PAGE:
Plaintiff's affidavit entitled “Affidavit of Retaliation for Filing a CHRO Complaint in 2016” alleges that he filed a Complaint with the State of Connecticut Commission on Human Rights and Opportunities (“CHRO”) in December 2016, and that filing that Complaint caused Defendants to retaliate against him by terminating him without just cause.[1] [ECF No. 1 at 7].

         The facts that Plaintiff alleges in support of this conclusion are as follows. First, in a section entitled “Statement of Facts #1, ” Plaintiff alleges that the 2016 CHRO Complaint was resolved and memorialized in a settlement agreement. Id. Plaintiff alleges that the terms and condition of that agreement were violated by Defendants by the Milford Fire Department (“MFD”) not providing “ADA sensitivity training to MFD employees, ” certain items in Plaintiff's personnel file not being removed therefrom, non-use of Plaintiff by the MFD dive team, and Plaintiff not being trained, qualified and used as an operator of certain MFD fire apparatus. Id. at 7-8. Plaintiff also argues apart from the settlement agreement violations that (i) a 2017 collective bargaining agreement (“CBA”) between the City of Milford and the firefighters' union eliminated “Acting Pay, ” which Plaintiff might have been entitled to, (ii) he was terminated to save the MFD money before he retired, and that (iii) Defendant Begley tried unsuccessfully to catch Plaintiff slacking on the job. Id. at 8.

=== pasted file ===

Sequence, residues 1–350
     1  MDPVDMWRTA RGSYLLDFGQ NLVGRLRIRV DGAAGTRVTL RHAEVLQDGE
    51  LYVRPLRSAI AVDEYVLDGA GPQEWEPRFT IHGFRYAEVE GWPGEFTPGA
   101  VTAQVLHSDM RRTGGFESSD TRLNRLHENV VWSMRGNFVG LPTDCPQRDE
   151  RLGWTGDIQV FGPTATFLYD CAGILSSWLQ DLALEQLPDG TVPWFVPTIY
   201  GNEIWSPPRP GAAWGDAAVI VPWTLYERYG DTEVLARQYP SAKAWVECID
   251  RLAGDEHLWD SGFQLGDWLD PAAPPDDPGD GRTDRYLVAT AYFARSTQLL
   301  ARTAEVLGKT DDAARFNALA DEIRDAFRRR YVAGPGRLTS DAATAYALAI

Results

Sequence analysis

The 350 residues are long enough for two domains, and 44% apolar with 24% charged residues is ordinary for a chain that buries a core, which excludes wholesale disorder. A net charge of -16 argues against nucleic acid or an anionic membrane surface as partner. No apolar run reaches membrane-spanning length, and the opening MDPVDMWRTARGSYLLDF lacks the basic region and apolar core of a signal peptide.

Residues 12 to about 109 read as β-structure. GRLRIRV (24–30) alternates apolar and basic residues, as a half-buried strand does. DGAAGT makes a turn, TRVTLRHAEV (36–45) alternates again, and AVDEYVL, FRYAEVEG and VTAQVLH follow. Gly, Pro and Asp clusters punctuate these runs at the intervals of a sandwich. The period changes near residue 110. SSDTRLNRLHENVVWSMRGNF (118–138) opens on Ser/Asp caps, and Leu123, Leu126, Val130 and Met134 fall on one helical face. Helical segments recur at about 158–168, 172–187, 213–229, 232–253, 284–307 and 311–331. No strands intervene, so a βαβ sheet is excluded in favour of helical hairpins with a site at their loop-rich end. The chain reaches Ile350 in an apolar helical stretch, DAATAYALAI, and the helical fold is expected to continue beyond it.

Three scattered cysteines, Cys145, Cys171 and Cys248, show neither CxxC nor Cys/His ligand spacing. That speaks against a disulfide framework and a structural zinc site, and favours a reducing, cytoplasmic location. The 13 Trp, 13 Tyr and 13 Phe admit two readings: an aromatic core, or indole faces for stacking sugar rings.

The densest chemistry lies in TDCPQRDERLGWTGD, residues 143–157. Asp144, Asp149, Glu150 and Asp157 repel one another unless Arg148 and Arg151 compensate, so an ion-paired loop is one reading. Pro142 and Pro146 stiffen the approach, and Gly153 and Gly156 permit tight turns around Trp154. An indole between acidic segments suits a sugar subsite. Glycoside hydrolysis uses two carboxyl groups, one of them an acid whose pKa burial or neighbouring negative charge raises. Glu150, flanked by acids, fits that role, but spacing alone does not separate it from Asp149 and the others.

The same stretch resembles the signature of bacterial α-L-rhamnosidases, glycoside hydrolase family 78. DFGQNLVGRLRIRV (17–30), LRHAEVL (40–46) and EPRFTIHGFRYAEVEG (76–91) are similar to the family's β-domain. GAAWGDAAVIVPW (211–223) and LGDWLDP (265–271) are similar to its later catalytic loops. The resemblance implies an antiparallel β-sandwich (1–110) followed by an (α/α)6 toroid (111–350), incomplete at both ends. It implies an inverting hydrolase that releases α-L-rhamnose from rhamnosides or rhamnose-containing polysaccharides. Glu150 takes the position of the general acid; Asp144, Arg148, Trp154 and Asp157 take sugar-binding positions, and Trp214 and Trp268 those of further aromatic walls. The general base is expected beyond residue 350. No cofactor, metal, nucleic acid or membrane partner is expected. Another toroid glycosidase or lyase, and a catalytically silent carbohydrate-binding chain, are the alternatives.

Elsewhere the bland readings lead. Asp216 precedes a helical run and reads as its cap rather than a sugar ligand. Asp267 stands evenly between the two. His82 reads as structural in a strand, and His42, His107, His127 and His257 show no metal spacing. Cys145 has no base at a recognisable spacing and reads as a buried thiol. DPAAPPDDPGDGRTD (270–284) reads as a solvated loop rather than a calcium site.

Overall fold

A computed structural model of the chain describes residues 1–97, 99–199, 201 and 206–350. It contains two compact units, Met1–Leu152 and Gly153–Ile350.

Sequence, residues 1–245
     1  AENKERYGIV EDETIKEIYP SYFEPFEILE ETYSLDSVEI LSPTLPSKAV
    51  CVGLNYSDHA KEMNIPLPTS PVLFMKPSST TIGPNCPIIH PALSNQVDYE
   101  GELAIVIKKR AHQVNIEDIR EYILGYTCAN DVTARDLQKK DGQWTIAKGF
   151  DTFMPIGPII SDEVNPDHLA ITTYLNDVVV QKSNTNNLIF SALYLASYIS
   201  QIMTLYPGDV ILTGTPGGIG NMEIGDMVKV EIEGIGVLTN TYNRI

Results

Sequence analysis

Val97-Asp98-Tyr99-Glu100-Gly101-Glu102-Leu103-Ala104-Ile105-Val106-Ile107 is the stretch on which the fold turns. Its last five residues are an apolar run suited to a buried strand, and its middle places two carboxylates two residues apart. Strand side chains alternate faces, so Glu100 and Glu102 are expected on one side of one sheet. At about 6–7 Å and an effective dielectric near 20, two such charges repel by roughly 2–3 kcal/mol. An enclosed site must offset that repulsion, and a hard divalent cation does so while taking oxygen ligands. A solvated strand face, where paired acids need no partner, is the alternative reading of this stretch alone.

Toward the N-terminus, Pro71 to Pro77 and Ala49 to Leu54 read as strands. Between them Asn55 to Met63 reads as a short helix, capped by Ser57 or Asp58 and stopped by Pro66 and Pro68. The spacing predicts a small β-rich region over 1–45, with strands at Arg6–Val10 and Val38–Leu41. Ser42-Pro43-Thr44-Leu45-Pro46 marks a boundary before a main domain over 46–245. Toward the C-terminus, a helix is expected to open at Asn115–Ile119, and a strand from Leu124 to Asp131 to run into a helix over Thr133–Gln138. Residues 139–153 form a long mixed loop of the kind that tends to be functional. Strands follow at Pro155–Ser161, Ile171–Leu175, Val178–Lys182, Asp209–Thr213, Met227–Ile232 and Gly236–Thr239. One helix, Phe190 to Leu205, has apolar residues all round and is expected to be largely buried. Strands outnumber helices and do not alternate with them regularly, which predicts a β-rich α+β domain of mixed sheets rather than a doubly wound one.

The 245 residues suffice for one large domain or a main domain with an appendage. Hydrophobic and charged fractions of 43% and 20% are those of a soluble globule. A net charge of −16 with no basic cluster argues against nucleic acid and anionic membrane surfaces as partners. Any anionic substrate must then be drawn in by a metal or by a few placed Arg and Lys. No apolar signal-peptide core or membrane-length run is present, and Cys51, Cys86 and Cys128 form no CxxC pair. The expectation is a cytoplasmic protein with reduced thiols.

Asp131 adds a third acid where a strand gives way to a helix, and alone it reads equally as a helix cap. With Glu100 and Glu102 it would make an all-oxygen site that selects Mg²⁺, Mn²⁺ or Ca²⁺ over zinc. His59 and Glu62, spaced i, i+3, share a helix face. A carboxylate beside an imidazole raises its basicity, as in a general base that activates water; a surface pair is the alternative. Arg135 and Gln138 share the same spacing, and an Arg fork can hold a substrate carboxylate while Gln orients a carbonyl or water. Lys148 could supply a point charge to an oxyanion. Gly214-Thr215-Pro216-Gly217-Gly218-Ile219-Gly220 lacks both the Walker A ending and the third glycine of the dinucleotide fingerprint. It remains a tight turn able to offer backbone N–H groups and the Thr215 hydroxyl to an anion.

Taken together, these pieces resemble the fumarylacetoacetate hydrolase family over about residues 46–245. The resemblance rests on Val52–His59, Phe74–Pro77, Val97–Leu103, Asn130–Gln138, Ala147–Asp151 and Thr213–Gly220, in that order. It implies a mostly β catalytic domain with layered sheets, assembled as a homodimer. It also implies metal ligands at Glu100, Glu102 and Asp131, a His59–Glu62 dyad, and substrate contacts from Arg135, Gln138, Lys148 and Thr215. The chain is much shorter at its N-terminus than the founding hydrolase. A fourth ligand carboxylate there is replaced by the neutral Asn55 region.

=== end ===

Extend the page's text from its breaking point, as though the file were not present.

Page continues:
Second, in a section entitled “Statement of Facts #2, ” Plaintiff alleges that on February 14, 2018, he was “arrested for an off duty assault, ” which Plaintiff claims was actually initiated by an old high school friend. Id. at 9. This led to Plaintiff being “removed from his promotion assignment” and reassigned, [2]suspended without pay, and eventually terminated, without proper due process protections being afforded and in a way that was not even-handed and that was discriminatory. Id. at 9-10. Plaintiff also alleges that the Board committed several freedom of information violations for, inter alia, holding improper executive sessions. Id. at 10-12. Finally, Plaintiff asks that the Court enforce the 2016 settlement agreement, promote him because his boss is retiring, force the MFD to perform certain personnel actions, provide him with back pay, order the Defendants to stop harassing him, and pay his legal fees and costs. Id. at 13.